Sep 25, 2003 9:30 AM
There was a survey three or four years ago--not necessarily unimpeachable, now that I think of it--that found conservatives were considerably "more fearful" than other ideological groups. They believed they weren't safe in their homes or their neighborhoods, that other groups were out to get them and that they needed the ability to defend themselves. Moderates and liberals, even in areas that were statistically more dangerous, had far fewer worries. There were also differences in the perceived quality of their sex lives, with conservatives generally less happy and less willing to experiment ("The missionary position was good enough for mom and dad, and it's good enough for me"?).
Maybe that's why they need those great big guns.
Anybody remember the "conservatives are fearful" study?BikeViking
Sep 25, 2003 11:09 AM
Ludicrous post...where does this stuff come from? I have never heard of such a study and, without a reference, I am even MORE skeptical of it.

Besides, being somewhat "conservative", there IS more to life than the "missionary" position!! :o}

Scott
I hear this from a passionate NRA member oncekilimanjaro
Sep 25, 2003 9:31 AM
1)Criminals will be less likely to commit crime in public if there is the possibility of 1 in 50 carrying concealed weapons. Though I don't have the primary source and don't know if this statistic is biased. A supporting statistic is that crime rate is much lower around shooting ranges (one possible mitigating reason is cops who target practice 24/7).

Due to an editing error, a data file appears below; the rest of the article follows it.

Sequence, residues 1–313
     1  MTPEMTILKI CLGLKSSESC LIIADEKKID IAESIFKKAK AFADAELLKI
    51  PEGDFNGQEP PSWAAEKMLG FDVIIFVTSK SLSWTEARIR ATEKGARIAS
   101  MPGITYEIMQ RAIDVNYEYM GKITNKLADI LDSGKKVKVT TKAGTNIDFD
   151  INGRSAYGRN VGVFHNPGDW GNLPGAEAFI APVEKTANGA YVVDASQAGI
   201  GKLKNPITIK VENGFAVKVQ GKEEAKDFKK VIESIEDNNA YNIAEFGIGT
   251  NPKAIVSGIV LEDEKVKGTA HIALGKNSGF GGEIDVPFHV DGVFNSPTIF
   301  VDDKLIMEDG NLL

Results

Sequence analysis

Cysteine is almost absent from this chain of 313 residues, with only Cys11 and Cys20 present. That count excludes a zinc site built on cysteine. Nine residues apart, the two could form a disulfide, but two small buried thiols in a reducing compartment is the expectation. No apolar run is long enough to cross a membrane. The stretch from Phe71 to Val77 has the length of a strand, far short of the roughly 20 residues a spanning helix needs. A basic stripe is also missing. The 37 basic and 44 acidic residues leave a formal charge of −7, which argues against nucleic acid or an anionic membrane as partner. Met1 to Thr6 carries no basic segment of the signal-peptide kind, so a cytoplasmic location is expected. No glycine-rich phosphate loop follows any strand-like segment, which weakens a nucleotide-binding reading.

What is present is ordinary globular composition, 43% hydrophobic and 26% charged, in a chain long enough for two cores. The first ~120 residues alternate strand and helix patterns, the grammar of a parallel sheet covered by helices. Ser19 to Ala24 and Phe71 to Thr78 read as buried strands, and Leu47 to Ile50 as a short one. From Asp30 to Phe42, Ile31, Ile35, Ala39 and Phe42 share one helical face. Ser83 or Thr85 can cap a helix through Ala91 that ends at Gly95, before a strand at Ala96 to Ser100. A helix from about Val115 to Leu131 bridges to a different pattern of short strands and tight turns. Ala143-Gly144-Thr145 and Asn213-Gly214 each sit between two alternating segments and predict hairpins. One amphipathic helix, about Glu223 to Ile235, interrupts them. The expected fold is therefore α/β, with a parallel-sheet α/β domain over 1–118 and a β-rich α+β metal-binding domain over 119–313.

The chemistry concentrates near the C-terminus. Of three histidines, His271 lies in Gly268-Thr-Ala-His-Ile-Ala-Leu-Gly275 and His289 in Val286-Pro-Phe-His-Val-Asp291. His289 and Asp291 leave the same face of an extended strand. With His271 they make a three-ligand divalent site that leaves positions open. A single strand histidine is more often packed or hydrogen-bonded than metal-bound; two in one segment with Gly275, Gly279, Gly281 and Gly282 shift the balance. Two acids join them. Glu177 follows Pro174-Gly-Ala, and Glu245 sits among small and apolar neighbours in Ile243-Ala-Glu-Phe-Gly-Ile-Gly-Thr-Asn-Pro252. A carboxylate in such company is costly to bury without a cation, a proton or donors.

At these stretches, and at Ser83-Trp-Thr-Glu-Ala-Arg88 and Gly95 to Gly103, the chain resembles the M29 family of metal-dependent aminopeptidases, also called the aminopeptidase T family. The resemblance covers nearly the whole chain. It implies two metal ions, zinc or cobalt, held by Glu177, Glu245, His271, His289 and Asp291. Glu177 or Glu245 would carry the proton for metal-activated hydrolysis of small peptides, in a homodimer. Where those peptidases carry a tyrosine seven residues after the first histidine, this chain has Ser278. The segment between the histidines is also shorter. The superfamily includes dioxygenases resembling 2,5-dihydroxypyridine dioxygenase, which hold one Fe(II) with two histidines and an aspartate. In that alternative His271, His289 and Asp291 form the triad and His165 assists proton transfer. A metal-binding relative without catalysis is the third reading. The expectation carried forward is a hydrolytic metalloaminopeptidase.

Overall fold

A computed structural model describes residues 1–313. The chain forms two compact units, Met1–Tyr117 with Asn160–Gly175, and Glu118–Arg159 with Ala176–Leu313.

2)It is easy to list negative statistics of having handguns, accidental shooting, crimes of rage, vendettas at school, home etc. However, how do you count number lives saved or crimes prevented due to legal firearms?

I was formally pretty anti firearm. Now I just know I don't want a firearm for myself, and probably think like the majority of the public that the balance is somewhere between a free for all and no firearms at all.
I'm in the "war biz" and own a gun, but that's not why.sn69
Sep 25, 2003 7:54 PM